We Have to Act
The Women’s Global Network for Reproductive Rights (WGNRR) coordinates the global campaign on institutional violence on May 28. Today and every day, we must act. We need laws that promote responsiveness to the needs of women and girls who have been victims of gender-based violence. Policy efforts must focus on the need to remove restrictive laws that criminalize abortion and remove barriers that impede access to the full continuum of reproductive health care.
At the global level, Ipas partner efforts to guarantee access to safe and legal abortion services in conflict settings, especially in cases where sexual violence has been used as a weapon of war to force the displacement of populations internally and across borders, must be supported. Women and children have been targeted both inside and outside refugee and internally displaced persons (IDP) camps and settlements, as well as surrounding villages and towns. Prevention and response is hampered by continued insecurity, the proximity of refugees to unsafe borders, presence of armed groups, access restrictions, lack of documentation of survivors, and funding gaps.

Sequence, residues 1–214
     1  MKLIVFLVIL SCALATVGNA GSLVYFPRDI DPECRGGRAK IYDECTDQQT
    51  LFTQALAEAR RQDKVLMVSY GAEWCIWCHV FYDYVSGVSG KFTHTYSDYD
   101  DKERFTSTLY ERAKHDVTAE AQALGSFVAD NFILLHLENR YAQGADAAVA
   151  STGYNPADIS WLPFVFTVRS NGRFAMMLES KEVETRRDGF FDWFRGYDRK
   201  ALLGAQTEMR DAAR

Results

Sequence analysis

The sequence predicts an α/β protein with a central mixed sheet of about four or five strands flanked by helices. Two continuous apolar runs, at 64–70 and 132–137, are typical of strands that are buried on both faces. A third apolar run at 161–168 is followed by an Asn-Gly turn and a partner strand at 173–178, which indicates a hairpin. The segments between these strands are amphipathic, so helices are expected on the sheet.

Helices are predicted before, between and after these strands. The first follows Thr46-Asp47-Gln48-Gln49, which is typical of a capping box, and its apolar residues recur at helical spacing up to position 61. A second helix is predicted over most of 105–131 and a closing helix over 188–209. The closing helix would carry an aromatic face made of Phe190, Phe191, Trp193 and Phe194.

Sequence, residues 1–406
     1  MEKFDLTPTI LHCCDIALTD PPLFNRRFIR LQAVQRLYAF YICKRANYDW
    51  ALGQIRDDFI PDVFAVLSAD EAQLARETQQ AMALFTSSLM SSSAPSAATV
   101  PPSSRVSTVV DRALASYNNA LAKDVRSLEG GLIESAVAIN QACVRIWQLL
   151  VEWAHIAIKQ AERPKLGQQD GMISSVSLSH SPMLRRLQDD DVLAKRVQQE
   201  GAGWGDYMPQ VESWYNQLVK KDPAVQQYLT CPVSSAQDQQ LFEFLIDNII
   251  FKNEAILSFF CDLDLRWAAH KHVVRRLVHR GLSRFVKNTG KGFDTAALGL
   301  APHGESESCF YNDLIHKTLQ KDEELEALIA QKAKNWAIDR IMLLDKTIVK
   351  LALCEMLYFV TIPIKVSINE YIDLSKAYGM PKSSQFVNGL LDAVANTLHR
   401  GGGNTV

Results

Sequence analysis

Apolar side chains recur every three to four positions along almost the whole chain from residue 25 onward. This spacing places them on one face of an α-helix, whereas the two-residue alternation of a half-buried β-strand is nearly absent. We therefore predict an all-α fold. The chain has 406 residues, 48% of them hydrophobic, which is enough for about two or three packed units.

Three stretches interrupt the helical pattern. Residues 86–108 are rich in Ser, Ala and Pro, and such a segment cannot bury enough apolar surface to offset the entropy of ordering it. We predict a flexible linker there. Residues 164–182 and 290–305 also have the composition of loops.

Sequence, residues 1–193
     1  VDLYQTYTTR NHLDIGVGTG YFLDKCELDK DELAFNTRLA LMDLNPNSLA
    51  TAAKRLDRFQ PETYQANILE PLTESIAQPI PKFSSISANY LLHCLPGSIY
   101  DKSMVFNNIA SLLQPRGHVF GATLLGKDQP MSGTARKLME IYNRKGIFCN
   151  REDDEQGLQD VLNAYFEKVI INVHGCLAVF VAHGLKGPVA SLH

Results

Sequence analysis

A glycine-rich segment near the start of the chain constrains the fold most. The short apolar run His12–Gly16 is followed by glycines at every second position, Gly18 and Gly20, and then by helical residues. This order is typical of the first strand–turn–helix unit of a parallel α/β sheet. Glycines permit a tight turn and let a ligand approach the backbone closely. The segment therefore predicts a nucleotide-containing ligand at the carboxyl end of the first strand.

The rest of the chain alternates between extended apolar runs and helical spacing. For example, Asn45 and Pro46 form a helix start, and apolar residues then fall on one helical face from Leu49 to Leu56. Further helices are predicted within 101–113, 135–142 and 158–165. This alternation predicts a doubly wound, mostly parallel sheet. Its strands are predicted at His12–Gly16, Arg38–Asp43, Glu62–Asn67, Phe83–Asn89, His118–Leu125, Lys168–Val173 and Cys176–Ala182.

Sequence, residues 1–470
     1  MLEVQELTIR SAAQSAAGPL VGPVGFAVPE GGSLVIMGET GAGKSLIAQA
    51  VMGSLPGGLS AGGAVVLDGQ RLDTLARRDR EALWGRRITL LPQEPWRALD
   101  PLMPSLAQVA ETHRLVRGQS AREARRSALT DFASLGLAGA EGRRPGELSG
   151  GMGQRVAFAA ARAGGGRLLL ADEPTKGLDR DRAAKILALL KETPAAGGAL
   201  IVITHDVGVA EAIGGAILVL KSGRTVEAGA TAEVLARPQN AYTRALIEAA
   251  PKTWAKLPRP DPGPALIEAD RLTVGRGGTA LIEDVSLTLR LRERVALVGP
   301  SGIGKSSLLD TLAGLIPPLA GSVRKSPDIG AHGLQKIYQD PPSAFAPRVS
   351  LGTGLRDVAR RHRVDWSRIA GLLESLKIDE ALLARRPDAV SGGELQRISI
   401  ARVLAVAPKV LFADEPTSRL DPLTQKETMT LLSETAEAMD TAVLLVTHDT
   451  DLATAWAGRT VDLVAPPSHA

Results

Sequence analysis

At Ipas, our strategies focus on working with providers, communities, and local and regional organizations to develop multiple strategies in order to eliminate barriers, promote policy, and implement legal and systemic change to protect women’s right to sexual autonomy and informed choices. This will help ensure that all people have equal access to comprehensive sexual and reproductive health education, services and information—including contraceptive counseling, a wide range of contraceptive methods, emergency contraception, safe abortion, and quality emergency obstetric care—as part of their right to live free from violence. Every woman deserves that.